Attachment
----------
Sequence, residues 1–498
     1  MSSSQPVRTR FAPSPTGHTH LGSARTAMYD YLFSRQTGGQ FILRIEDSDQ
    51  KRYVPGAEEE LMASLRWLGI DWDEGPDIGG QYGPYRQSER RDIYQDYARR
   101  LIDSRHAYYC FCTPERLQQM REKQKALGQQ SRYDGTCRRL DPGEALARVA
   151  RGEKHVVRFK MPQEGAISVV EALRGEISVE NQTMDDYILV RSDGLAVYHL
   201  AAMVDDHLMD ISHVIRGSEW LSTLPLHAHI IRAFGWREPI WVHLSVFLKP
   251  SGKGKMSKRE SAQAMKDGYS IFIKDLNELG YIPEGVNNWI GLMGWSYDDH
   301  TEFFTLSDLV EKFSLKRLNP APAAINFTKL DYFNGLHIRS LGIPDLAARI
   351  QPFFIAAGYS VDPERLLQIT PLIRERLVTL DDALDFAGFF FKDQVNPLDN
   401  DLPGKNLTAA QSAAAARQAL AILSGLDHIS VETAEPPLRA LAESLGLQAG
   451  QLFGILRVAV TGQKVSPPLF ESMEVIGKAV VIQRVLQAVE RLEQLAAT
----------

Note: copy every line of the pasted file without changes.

Sequence, residues 1–498
     1  MSSSQPVRTR FAPSPTGHTH LGSARTAMYD YLFSRQTGGQ FILRIEDSDQ
    51  KRYVPGAEEE LMASLRWLGI DWDEGPDIGG QYGPYRQSER RDIYQDYARR
   101  LIDSRHAYYC FCTPERLQQM REKQKALGQQ SRYDGTCRRL DPGEALARVA
   151  RGEKHVVRFK MPQEGAISVV EALRGEISVE NQTMDDYILV RSDGLAVYHL
   201  AAMVDDHLMD ISHVIRGSEW LSTLPLHAHI IRAFGWREPI WVHLSVFLKP
   251  SGKGKMSKRE SAQAMKDGYS IFIKDLNELG YIPEGVNNWI GLMGWSYDDH
   301  TEFFTLSDLV EKFSLKRLNP APAAINFTKL DYFNGLHIRS LGIPDLAARI
   351  QPFFIAAGYS VDPERLLQIT PLIRERLVTL DDALDFAGFF FKDQVNPLDN
   401  DLPGKNLTAA QSAAAARQAL AILSGLDHIS VETAEPPLRA LAESLGLQAG
   451  QLFGILRVAV TGQKVSPPLF ESMEVIGKAV VIQRVLQAVE RLEQLAAT